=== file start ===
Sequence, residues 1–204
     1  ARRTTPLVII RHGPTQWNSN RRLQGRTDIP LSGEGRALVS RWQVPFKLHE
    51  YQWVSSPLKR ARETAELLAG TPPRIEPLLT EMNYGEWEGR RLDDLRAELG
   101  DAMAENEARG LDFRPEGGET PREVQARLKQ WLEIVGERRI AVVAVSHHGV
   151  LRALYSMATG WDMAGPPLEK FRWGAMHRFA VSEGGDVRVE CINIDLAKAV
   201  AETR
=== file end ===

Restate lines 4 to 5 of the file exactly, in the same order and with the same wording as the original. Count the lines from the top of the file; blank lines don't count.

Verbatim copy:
   101  DAMAENEARG LDFRPEGGET PREVQARLKQ WLEIVGERRI AVVAVSHHGV
   151  LRALYSMATG WDMAGPPLEK FRWGAMHRFA VSEGGDVRVE CINIDLAKAV